Don’t expect to call a port wine “port” for much longer—not if it’s made outside of the Douro Valley region of Portugal. If the recent trade agreement between the European Union and the United States goes through, Europe will be taking regional names like port, sherry, and Chablis back for good. In three years, words that fall under the rubric of “14 traditional EU expressions” —vintage, clos, superior, chateau—will also be phased out here.
European parliamentarians hope to put an end to the 200-year-long fight their winemakers have waged to lay claim to these names. At the same time, they’d like to assure greater access to the U.S. market. But in what some EU lawmakers regard as a Faustian deal, they must in turn let in American wine made with practices fastidiously banned in Europe (for example, using oak chips to get a vanilla flavoring, and adding water during the fermentation process). Furthermore, already-existing wines can keep their current appellation; only new ones will have to change. (According to one Associated Press report, French Liberal Democrat Anne Laperuze criticized the deal with the comment, “I don’t want a McDonald’s type of Chardonnay.”) This is hardly the end of the debate, with a second round of negotiations still to come.
Who’s in the right here, and does it even matter? Three experts from the wine industry weigh in: Kathy Green, a buyer for IS Wine in the East Village; Tim Kopec, wine director for Veritas and creator of Nobu Las Vegas’ wine list; and Matt Kramer, a critic for Wine Spectator and author of Matt Kramer’s New California Wine: Making Sense of Napa Valley, Sonoma, Central Coast, and Beyond.
On producing wine with oak chips or by adding water:
Kopec: I think it’s a really cheap way of adding vanillin or oak taste into wine. By simply dumping in oak chips you’re not getting any maturation process at all, you’re just getting the vanillin itself. It’s like perfuming the wine. Water is certainly not helping the quality of the wine; it’s simply diluting the wine in order for it to come within a certain alcohol percentage, and therefore increasing the volume. It’s a measure that allows the winemaker to tinker with the law, basically. Green: What’s happening is the globalization and commoditization of wine. When [European lawmakers] say there aren’t any standards, they have a point.
On phasing out regional names (Chablis, Chianti, Sauterne, Champagne, Port, Sherry, Madeira, etc.):
Kopec: That we’ve been able to do it for so long is ridiculous. It’s like a copyright or a trademark. If there’s no control on the name, meaning if we get to use it, or someone in France or Italy gets to use it, all of a sudden the name Burgundy means less now. I don’t think [producers outside of these geographical regions] ever really intended on it tasting like those wines. The port might be sweet, but it’s certainly not going to be using the same varietals, have the same arid area that it’s grown in, the same latitude and longitude. There are many different things that influence the character of the grapes. So no, it’s not the same quality. They’re bastardizing the name. It’s not only the region; it’s the laws that you need to abide by within that region that the government puts on to make a quality product. It’s not a guarantee of quality, but it gives the consumer at least a guarantee of authenticity.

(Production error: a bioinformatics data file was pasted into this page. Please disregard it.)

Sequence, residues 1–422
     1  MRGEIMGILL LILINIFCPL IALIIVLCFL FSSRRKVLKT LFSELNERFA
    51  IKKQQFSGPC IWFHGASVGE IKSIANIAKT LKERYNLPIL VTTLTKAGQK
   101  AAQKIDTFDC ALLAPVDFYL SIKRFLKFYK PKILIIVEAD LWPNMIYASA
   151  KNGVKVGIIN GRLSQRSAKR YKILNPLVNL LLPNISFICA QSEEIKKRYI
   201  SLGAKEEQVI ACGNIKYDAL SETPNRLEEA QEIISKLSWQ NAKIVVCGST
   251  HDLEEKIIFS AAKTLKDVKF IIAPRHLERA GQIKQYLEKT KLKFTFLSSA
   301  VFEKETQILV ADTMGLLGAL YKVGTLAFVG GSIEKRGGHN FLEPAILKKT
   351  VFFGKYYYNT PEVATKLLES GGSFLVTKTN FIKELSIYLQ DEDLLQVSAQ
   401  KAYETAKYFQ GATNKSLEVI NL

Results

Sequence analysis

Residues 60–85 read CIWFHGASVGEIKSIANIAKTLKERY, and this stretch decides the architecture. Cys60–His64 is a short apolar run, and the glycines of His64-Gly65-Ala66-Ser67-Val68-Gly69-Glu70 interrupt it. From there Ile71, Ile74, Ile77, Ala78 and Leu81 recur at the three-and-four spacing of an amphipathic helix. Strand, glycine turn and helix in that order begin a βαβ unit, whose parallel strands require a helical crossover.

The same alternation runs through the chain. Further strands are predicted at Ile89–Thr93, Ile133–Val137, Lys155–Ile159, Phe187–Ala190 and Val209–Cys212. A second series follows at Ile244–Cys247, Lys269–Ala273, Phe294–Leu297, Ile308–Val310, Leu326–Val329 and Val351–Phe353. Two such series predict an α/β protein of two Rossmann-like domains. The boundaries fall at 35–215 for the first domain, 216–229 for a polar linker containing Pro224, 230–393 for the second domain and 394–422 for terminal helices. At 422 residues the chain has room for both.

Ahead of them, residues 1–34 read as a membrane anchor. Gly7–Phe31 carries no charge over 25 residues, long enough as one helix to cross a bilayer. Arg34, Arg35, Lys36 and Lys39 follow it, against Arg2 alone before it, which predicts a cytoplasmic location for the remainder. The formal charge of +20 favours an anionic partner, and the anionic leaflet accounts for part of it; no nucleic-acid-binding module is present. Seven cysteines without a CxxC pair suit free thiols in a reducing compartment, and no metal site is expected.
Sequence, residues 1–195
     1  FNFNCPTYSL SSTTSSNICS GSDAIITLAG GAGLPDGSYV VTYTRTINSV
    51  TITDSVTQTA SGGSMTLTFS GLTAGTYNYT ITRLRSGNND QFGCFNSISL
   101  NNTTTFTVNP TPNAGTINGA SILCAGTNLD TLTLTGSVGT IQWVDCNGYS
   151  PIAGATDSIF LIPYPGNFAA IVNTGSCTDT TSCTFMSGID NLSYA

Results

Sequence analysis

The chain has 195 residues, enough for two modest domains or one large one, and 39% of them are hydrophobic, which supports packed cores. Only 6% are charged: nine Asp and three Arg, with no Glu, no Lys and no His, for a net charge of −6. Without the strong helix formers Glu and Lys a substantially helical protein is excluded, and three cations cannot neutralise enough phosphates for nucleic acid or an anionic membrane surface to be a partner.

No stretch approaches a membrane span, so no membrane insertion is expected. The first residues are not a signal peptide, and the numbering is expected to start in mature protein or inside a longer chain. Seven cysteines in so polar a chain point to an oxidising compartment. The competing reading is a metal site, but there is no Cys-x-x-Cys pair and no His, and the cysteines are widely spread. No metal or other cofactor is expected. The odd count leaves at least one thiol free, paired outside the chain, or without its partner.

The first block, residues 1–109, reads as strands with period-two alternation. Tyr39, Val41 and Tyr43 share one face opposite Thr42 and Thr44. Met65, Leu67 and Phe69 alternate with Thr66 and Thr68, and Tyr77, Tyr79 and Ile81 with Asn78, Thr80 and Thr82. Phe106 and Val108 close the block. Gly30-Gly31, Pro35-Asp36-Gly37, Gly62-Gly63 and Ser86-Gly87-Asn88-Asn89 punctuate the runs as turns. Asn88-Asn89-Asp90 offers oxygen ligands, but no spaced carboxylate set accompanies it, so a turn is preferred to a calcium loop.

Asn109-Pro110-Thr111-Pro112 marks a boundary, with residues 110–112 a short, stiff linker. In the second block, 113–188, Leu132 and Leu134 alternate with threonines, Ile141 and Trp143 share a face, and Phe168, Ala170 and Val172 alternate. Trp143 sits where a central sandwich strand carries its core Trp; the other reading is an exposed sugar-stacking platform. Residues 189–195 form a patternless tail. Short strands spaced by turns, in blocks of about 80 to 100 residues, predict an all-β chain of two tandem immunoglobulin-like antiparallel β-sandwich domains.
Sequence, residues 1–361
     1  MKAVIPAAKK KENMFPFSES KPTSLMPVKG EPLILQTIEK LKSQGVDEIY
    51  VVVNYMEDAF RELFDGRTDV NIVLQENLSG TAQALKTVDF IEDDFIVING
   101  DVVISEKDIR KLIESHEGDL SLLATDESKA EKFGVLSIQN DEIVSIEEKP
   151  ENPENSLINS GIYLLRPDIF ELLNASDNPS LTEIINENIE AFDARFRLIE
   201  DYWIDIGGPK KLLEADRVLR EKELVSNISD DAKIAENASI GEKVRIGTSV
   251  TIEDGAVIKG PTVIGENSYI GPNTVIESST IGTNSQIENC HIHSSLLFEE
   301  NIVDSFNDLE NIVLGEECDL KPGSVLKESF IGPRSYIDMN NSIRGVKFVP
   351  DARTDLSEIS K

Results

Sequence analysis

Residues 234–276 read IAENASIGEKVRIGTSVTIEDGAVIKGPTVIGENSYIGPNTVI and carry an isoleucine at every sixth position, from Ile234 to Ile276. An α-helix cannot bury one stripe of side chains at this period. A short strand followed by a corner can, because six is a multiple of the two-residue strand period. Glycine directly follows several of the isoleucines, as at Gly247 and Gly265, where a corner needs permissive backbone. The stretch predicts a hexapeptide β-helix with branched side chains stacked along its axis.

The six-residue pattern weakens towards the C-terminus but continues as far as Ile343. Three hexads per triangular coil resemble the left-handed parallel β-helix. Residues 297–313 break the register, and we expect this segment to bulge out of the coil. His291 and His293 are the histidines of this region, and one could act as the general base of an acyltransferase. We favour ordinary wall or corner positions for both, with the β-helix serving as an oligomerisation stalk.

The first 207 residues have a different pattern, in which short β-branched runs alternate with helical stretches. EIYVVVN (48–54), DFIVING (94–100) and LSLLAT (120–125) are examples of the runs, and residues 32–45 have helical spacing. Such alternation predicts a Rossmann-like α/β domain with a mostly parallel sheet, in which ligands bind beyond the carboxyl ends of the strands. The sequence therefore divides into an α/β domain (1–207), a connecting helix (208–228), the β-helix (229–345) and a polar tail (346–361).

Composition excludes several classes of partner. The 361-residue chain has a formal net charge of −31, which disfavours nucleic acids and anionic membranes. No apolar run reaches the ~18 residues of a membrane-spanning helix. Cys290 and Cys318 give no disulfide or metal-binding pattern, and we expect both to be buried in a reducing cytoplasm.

Green: A lot of people come into the store, and they don’t understand. You say, “Oh, we have a really nice Chablis,” and they say, “Oh, I hate Chablis.” They’re used to the cheap stuff that calls itself Chablis, and then when they taste a real one, then all of a sudden, they realize [the difference]. I don’t know how much the traditional producers are going to benefit, but it’s definitely had a detrimental effect on the ground for sure.
Kramer: It will not change how you and I buy wine. The reality is we’re seeing fewer and fewer of those kinds of wines anywhere. Most labels today from California, New York State, Washington, and Oregon do not use the words Burgundy, Chablis, or Chianti. Port or sherry continue to be used, and that will certainly be a problem, because those are considered wine types by us, and we’ll have to come up with new terms for them. It doesn’t matter to you as a consumer that Yellowtail just says Yellowtail. It doesn’t say Yellowtail Chablis, Burgundy, or anything else. And Yellowtail went from zero to 10 million cases in the space of a handful of years. I only mention it to underscore that the power of these names in the marketplace is nowhere near as essential as it may have been 30 years ago. [It matters] to an existing brand—if I were Gallo Hearty Burgundy, I’d want to keep it. But for a new one, nah. Collectively, the American market has become much more sophisticated and much more knowledgeable, and it doesn’t demand or necessarily rely upon names that were once the only wine words they’ve ever known or heard of.
This article from the Village Voice Archive was posted on October 4, 2005